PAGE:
2004 Kia Rio

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2001 Kia Rio

This 2001 review is representative of model years 2001 to 2005.
By Dan Jedlicka of MSN Autos
Rating: 6

Bottom Line:

Surprisingly good for a low-dollar economy sedan.
Pros:
  • Least-expensive new car
  • Slick styling
  • Sophisticated engine
  • Superb warranty
Cons:
  • Little standard equipment
  • Rubbery shifter
  • Questionable resale value

There are lots of folks without the money—or who don't want to spend the bucks—to buy a new car. That's where the new Kia Rio comes in.

The $8,895 Rio is the least-expensive car offered in this country, but is better in many respects than other low-cost entry-level autos. For one thing, this front-drive South Korean sedan looks good. For another, it has solid, careful construction and a sophisticated engine. This is no technological throwback.

Impressive Warranties
Importantly, the subcompact Rio has a 5-year/60,000-mile basic warranty and 10-year/100,000-mile warranty for the powertrain. There's also a 5-year/unlimited-mileage roadside assistance plan.

Considering all that, who needs a used Honda or Toyota?

All that warranty goodness comes from South Korea's Hyundai. It happens to own Kia and offers the same sales-boosting warranties here for Hyundai nameplate models. Of course, Hyundai doesn't top the charts for trouble-free operation, and neither does Kia.

Moreover, the Rio has highly questionable resale value. It's best to buy it as a long-term car; drive it for ten years or so and then throw it away.

Limited Standard Equipment
The Rio started out at $8,595, but got a $300 price increase early in the year. Too bad it didn't get more equipment at the same time. Be forewarned: The Rio has a small amount of standard equipment, including a console, rear defroster, dual outside mirrors and power brakes. You don't even get power steering or a radio.

Variety of Options
However, there are options. For instance, an AM/FM/Cassette costs $320—and a CD player is available. A $380 upgrade package includes power steering, tilt steering wheel, full wheel covers, body-side moldings, and visor vanity mirrors.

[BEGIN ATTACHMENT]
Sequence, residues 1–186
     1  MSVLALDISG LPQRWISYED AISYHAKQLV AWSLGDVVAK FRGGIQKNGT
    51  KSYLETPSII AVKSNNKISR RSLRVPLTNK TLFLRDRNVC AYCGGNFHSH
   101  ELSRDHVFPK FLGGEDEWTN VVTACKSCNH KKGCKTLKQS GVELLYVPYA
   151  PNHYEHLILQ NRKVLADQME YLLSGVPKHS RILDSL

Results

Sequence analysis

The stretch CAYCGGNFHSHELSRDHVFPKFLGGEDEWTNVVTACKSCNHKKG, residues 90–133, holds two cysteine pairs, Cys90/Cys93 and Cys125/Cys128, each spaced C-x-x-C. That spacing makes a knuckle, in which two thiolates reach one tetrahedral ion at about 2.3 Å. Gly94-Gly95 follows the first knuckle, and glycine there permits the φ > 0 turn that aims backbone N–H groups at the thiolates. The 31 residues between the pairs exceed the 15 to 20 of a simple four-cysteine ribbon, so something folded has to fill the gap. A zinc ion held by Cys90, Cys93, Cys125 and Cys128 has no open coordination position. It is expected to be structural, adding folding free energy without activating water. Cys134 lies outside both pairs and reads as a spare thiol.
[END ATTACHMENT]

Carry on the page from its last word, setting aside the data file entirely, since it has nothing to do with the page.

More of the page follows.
Don't want to shift the standard 5-speed manual transmission? Then order the $875 4-speed automatic transmission. Air conditioning is $750, and anti-lock brakes cost $400.

But some economy cars don't even offer anti-lock brakes and can be had only with a 3-speed automatic. Add all Rio options—including the $85 body-color rear spoiler—and you're still looking at a low-cost car.

Solid Construction
And it's a decent car, at that. The Rio feels solid and has good fit-and-finish, inside and out. There are no squeaks or rattles. You never get the feeling that you'll have to hold your breath waiting for something to fall off.

The appearance of the slickly styled Rio doesn't scream "cheap" when you roll up in it. And it has four doors and a regular, fairly good-sized trunk, instead of a cheapo 2-door hatchback design possessed by the old economy cars.

Fairly Roomy
There's decent space for four average-height adults in the fairly quiet interior. Four 6-footers even fit if the driver doesn't shove his seat back too far, but have little room to spare.

The front seats offer good side support in curves, and there are handy storage pockets in the front doors. But radio controls are too small and the offbeat upholstery pattern in my test car caused eyebrows to be raised. Climate controls are decent, and gauges can be easily read.

No Tachometer
However, there's no way in the world to read the tachometer because there is no tachometer. That's a serious omission for a car with a high-revving 1.5-liter 4-cylinder engine. A Rio driver must learn to shift by the sound of the engine, at least when the Rio has the manual transmission.

The lack of a tachometer shows cost cutting. However, there are four—not just two—washer jets to help keep the windshield especially clean.

Rubbery Shifter
The manual is needed to get the best performance because of the Rio's small-displacement engine, but that transmission has a rubbery shifter and vague shift gate. The clutch has a light action but long throw.

The power steering is a little slow, but the ride is decent. As for the brakes, they're controlled by a mushy pedal and need the anti-lock system for decent emergency stopping distances.

Skinny Standard Wheels and Tires
Handling is acceptable if you don't push the Rio hard. Its standard 13-inch wheels and 70-series tires definitely handicap braking and handling.

Don't think twice about ordering the $275 14-inch alloy wheels and 65-series tires, which put more rubber on the road for better handling and braking.

Slow Passing on Highways
Despite its small size, the stout, willing engine is a strong point. It generates 96 horsepower with dual overhead camshafts and 16 valves. It provides lively acceleration—to 60 mph. After that, acceleration slows a lot. A 65-75 mph passing maneuver on a crowded 2-lane road can cause nervous moments.

The engine gets buzzy when asked to work hard and isn't especially fuel-thrifty, considering its size and the Rio's near 2,300-pound curb weight. It provides an estimated 27 mpg in the city and 32 on the highway.

So there you have it—a plucky, inexpensive little car with a wonderful warranty that doesn't look or feel cheap. For many motorists, that will be more than enough.

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BB06 - 9/20/2014 1:39:56 AM